There is no possible way it could have been planned, but the Costume Institute's new exhibition, Death Becomes Her: A Century of Mourning Attire has suddenly taken on new significance. There's a strange sort of symmetry in having New York's pre-eminent fashion museum opening a major exhibition dedicated to the elaborate traditions of mourning attire one day after Oscar de la Renta, "the doyen of American fashion" as he was described in the New York Times, passed away at 82. It's almost as if the Costume Institute has taken on the mantle of designated mourner for the entire fashion industry who is, at the moment, feeling the loss of a particularly beloved, towering figure.
Of course, there are no Oscar de la Renta dresses in Death Becomes Her. It covers traditions of mourning that faded about a century ago, and at yesterday's preview, the sad news of his death had not yet reached the public, so visitors were more concerned with the elegant but often macabre issues at hand, mainly the highly codified rules of dress imposed on those who had lost loved ones, and the disproportionate responsibilities (and expense) placed on women to express their grief through clothes. Exactly why Western society in the 19th Century was so obsessed with death remains unclear. Possibly it was just the fact that people died younger then, and medicine was unable to treat illnesses that are now curable. Perhaps part of it had to do with bloody conflicts like the Civil War which brought mass casualties to the U.S. or maybe it was the example of Queen Victoria, who went into mourning after the death of her husband Prince Albert in 1861 and didn't come out of it until her own death 40 years later. A monarch in perpetual widows weeds, one dress of whose is prominently included in the show (pictured above left), could really cast a pall in the 1800s, and in contrast to Victoria's steadfast display of grief, the exhibition includes two lavishly sequined gowns worn (at right) by her daughter-in-law Queen Alexandra during the later stages of mourning when lighter colors like mauve and lavender were officially allowed and seem to presage the end of elaborately dour mourning dress rules. In contrast to the stark, mostly black silhouettes on display, they hardly seem like mourning wear at all —even by modern standards. The exhibition, curated by Harold Koda, Curator in Charge of The Costume Institute along with Assistant Curator Jessica Regan goes beyond merely presenting the silhouettes of the day rendered in a range of black materials to show how clothes contained specific information and spoke to people. A series of prints on display by Charles Dana Gibson gently satirizes how an attractive woman in mourning was often seen as threatening disruption to polite society, carrying a host of unspoken fears and desires that becomes so weighty she winds up fleeing to a nunnery for her own peace of mind.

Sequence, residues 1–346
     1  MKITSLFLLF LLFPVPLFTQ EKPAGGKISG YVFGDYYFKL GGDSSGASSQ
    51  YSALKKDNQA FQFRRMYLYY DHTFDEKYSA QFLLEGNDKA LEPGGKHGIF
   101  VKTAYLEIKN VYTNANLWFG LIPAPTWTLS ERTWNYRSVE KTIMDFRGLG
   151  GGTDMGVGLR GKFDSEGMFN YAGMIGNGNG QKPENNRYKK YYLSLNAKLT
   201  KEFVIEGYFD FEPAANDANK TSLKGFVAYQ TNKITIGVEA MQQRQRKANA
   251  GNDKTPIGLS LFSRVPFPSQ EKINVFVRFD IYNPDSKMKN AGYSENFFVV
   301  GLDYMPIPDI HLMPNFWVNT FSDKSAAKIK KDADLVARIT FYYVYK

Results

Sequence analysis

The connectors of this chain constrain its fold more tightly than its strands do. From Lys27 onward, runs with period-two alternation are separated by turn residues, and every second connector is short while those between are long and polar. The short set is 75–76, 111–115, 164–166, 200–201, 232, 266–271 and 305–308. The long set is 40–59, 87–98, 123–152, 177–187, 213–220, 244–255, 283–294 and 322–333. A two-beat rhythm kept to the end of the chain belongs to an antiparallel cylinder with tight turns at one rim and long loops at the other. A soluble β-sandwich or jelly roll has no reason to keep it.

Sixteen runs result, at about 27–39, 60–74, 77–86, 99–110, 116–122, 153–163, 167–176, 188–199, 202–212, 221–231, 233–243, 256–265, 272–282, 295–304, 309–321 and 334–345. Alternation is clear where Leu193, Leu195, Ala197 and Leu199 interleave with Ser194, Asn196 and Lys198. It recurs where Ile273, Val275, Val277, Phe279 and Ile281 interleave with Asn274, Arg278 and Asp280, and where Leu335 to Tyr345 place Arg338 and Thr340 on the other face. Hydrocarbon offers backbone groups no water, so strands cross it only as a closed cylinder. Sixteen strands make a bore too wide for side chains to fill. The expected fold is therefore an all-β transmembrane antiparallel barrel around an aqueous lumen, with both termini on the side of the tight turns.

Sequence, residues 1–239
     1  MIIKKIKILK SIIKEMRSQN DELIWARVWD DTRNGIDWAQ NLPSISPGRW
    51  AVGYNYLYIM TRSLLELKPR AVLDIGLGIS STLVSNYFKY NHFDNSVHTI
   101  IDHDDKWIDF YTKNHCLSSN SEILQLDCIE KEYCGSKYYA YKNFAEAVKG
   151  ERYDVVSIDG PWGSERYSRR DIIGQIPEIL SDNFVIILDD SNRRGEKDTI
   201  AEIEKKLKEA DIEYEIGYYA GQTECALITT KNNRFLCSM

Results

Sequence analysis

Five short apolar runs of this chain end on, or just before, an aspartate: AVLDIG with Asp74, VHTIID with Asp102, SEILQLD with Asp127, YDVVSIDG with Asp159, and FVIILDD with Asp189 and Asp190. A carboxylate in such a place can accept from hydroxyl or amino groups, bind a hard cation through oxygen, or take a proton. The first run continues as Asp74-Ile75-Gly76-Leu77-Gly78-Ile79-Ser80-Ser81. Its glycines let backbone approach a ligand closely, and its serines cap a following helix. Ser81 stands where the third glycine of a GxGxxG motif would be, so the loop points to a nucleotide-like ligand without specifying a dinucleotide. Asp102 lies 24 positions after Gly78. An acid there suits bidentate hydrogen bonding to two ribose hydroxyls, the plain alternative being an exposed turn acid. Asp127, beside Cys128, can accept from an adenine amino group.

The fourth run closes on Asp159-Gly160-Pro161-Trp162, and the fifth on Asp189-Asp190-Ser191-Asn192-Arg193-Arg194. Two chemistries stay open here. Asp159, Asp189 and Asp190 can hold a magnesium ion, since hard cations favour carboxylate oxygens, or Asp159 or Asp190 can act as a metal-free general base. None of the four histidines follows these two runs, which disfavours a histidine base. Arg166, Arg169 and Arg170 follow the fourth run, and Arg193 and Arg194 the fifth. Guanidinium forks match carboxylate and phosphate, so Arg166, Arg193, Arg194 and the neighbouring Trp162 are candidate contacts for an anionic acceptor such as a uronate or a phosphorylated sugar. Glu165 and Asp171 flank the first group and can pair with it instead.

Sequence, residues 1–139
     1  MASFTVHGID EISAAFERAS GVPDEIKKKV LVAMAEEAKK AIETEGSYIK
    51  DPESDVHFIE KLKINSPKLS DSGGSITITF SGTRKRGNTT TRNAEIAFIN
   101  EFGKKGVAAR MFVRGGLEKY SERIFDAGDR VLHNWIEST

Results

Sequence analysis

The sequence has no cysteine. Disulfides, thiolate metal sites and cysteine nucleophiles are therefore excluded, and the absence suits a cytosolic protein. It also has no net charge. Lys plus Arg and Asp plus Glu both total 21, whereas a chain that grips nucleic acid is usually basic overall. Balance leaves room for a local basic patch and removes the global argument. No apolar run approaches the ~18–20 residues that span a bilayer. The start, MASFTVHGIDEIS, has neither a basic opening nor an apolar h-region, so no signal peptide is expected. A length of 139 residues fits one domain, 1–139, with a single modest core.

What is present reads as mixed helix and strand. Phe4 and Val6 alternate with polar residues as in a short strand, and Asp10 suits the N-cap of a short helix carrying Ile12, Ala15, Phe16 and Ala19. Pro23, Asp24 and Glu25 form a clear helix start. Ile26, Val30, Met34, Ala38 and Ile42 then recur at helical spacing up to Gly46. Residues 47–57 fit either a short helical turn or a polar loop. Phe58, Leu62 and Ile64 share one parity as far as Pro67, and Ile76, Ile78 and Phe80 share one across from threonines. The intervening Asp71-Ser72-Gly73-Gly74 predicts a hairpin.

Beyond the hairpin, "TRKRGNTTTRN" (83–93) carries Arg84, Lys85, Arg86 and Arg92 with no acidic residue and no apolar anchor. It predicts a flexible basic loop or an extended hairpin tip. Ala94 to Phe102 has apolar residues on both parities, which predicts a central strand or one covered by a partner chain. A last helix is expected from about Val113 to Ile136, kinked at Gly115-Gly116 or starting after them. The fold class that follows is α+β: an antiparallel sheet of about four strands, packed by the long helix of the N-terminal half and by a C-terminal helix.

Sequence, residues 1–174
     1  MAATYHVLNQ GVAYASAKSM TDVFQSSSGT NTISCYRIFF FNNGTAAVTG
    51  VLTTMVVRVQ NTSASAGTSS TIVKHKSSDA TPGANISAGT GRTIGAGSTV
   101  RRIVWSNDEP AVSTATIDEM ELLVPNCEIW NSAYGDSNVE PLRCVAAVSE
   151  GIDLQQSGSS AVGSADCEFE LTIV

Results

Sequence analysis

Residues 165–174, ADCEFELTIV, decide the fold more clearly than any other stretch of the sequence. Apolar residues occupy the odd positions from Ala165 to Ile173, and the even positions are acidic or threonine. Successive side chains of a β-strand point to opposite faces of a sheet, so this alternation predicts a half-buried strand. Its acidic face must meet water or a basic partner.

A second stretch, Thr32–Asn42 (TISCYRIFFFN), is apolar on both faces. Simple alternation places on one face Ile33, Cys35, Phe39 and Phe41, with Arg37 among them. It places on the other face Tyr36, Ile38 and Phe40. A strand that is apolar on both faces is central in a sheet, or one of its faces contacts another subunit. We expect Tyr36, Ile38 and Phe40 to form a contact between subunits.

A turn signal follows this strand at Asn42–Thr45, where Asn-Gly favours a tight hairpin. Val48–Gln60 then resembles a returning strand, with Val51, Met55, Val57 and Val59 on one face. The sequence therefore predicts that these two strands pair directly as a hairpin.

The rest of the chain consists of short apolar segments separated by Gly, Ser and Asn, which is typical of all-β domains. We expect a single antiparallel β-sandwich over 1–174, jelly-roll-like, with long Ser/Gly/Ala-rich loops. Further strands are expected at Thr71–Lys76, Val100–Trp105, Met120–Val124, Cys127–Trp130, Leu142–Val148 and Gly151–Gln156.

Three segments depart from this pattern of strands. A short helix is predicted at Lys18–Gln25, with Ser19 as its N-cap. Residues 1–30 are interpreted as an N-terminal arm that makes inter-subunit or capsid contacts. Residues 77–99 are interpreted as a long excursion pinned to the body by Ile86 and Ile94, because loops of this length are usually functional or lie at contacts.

Death Becomes Her is the Costume Institute's first Fall show at the Met in seven years, but now that the Anna Wintour Costume Center is finished, we can now expect two shows a year there in the future. Taking advantage of the time of year, the Met has organized a special Halloween event on October 31st, and the gift counters on the edge of the exhibition room have cobbled together jet jewelry, Victorian period-inspired items and books ranging from macabre-themed art volumes to Edward Gorey's darkly humorous picture books. Given the surprising turn of recent events, however, the show's elegant mannequins now seem to form a silent tribute of sorts to New York most elegant designer, at least until the Costume Institute announces its own Oscar de la Renta show which, if past form holds, is likely to happen within the next year or so.
Death Becomes Her: A Century of Mourning Attire through February 1, 2005 at the Metropolitan Museum of Art, 1000 Fifth Avenue at 82nd Street, Upper East Side